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Descartes has been dubbed the father of modern philosophy, and much subsequent Western philosophy is a response to his writings which are studied closely to this day. Descartes's influence in mathematics is equally apparent; the Cartesian coordinate system — allowing reference to a point in space as a set of numbers, and allowing algebraic equations to be expressed as geometric shapes in a two- or three-dimensional coordinate system (and conversely, shapes to be described as equations) — was named after him. He is credited as the father of analytical geometry, the bridge between algebra and geometry, used in the discovery of infinitesimal calculus and analysis. Descartes was also one of the key figures in the scientific revolution.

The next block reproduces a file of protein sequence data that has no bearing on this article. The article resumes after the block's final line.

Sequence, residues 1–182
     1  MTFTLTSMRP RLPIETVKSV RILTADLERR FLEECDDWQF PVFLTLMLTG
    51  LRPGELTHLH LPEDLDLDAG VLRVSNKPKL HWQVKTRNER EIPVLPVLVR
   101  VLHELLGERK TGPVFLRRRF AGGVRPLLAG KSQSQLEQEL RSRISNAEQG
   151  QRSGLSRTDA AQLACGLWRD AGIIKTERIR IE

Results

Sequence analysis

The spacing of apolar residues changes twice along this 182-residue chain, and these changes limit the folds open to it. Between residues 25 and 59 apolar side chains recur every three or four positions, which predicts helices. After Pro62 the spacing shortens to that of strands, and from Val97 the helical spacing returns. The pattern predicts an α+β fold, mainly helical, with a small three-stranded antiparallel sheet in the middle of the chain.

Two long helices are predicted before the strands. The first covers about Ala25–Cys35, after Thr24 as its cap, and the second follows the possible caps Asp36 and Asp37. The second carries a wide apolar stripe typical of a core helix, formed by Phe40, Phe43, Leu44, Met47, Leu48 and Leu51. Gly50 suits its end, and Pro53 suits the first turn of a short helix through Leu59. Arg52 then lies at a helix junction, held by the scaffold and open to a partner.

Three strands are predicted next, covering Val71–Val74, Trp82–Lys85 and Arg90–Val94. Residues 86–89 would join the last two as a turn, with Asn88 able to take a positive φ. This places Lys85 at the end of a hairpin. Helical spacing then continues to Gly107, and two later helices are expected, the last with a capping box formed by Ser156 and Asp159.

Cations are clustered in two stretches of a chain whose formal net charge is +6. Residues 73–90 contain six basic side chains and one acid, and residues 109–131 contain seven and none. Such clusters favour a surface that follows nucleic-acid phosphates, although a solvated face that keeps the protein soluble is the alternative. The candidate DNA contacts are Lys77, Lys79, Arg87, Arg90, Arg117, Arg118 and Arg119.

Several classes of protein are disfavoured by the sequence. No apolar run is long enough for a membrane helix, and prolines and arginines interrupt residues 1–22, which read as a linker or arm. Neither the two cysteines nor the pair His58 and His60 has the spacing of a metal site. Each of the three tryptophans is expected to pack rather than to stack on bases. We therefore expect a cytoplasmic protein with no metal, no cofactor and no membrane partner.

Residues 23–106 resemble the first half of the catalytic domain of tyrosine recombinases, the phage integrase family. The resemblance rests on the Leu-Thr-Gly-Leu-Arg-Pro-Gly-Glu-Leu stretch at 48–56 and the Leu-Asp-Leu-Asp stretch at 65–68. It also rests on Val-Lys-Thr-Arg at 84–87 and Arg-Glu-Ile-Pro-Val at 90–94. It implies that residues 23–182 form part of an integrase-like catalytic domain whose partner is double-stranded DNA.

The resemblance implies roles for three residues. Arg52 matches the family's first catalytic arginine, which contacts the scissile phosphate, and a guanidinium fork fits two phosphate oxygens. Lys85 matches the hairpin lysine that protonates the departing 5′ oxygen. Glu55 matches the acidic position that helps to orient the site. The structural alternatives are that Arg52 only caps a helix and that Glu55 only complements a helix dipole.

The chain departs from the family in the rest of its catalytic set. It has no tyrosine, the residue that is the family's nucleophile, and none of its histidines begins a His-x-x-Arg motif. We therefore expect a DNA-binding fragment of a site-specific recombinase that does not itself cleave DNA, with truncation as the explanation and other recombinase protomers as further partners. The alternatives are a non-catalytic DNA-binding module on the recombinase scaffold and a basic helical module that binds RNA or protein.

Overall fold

Descartes refused to accept the authority of previous philosophers, and refused to trust his own senses. He frequently set his views apart from those of his predecessors. In his natural philosophy, he differs from the schools on two major points: First, he rejects the splitting of corporeal substance into matter and form; second, he rejects any appeal to final ends—divine or natural—in explaining natural phenomena. In his theology, he insists on the absolute freedom of God's act of creation. Thus he laid the foundation for 17th-century continental rationalism
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